Tag Archives: Billy Connolly

In your arms only

When asked – and sometimes even when not asked – about what makes the Edinburgh International Book Festival so special, or who you might meet there, I have often borrowed the tale below to describe what could happen.

But it’s never as good as when the someone who was there tells it. And since Julie Bertagna put it on Twitter, I feel it’s out there, in public.

It’s a lovely way of remembering Sean Connery. And what a lucky man he was, to have Julie in his arms!

Besides, rugs are a nuisance…

Barry Hutchison – as funny as Billy Connolly; except he’s Scottish

Here, at long last, is my Barry Hutchison interview. The one I wanted to do because I like funny people. Funny as in humour, not odd, or anything.

Barry Hutchison

The only one being odd in this interview, is me. I got out of control not just once, but twice, almost (I mean, completely) disgracing myself. But Barry’s a nice man, and probably dismissed my behaviour as what you expect from elderly witches.

What’s lovely about him is that he has no idea how good his books are or how entertaining he is at events. (Or how short he seemed…)

To be honest, I don’t know how to get out of all this, so please just read and enjoy. Especially Barry’s books.

(The title quote is not mine. It’s something someone reported a child to have said about Barry. Not sure what Mr Connolly would think about it. The Scottish aspect. Not the funniness.)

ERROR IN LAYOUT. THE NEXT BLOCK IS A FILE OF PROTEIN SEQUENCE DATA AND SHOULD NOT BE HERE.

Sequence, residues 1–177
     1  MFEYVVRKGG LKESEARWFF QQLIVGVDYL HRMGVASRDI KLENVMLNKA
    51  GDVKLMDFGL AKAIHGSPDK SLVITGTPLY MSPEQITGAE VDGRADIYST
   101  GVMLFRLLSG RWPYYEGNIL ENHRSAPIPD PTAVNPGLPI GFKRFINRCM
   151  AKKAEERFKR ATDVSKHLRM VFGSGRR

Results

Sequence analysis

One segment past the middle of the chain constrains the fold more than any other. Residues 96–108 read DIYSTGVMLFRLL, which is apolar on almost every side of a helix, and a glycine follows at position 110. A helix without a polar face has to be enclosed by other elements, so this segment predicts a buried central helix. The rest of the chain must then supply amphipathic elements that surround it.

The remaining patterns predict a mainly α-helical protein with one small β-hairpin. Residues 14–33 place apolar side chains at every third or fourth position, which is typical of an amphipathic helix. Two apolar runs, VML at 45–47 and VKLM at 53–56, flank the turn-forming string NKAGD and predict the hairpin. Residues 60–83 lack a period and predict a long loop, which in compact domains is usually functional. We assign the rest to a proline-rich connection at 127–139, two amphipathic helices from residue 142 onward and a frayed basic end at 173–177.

Did you write that yourself?

The cover of G2 one day this week made me happy. I think it was the photo featuring a man and a stack of books. The man didn’t do much for me, but I like stacks of books. Just wish they had turned them all the same way before taking the picture. The ferret faces the opposite way from all the others, and I’m unsure if by design or accident. You don’t know with ferrets.

John Harris undertook to read an awful lot of celebrity autobiographies in a very short time. He is to be admired for surviving. I knew that kind of book is likely to be dire, but the direness was worse than expected. It would appear that the kind of editing that novelists experience does not take place when a highly paid celeb sits down to write about themselves.

Maybe ghostwriting is too much to hope for, but they could at least work on the opening sentence in order not to put the prospective reader off before they’ve paid for the book.

Though I do understand why the books sell. I may not know who Cheryl Cole is (I have an inkling, before you all write in), but were I a fan of hers, I’d like to read more about her. So anyone who writes a biography of someone I admire, be it themselves or a ghost or someone else, I’d probably buy it. And if it’s bad, it will join its sisters in Oxfam before long. Two months after I’d heard Roger Moore talk about his autobiography in Cheltenham, the charity shops were awash with copies.

I enjoyed reading about Rolf Harris and Billy Connolly, and John Barrowman, sort of. John very sensibly got his sister in to write. I did not last past the first 100 pages of Michael Winner. Though I did learn something from his book. If you can fill pages with photos of yourself with the caption ‘here I am with XX’, then Daughter can use hers with Mr Winner in her autobiography, when the time comes. It’s quite a good photo, even if it did embarrass her dreadfully. I believe he helicoptered in for it, as well.

But is it important that Joe Bloggs writes the book himself? Is it not more important that we can read something readable about Joe Bloggs? If we are fans of his. Admittedly, I feel the only person I could write a passable biography of is me. And I’m not interesting to more than a handful of people.

It seems the book to read at the moment is Keith Richards’, but I’m not interested in him. Maybe I should be.

I just looked at the original article again. I apologise. It’s a meerkat. Not a ferret. Ferrets are better.